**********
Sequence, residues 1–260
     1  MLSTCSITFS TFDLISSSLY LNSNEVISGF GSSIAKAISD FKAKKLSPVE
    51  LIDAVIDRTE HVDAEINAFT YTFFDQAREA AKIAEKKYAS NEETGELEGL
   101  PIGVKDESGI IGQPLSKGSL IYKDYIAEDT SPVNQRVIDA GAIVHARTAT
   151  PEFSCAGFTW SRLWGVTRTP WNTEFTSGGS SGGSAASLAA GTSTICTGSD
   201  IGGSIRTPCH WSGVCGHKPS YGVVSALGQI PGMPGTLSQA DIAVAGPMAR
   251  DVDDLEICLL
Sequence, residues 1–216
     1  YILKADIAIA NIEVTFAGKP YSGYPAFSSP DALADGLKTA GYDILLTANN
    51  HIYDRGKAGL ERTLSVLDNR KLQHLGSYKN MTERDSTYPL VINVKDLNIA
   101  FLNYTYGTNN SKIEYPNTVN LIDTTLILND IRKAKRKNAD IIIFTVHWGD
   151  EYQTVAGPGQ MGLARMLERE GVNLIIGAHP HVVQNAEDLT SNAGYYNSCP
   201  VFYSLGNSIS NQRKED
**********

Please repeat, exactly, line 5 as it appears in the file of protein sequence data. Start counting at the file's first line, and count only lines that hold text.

   151  PEFSCAGFTW SRLWGVTRTP WNTEFTSGGS SGGSAASLAA GTSTICTGSD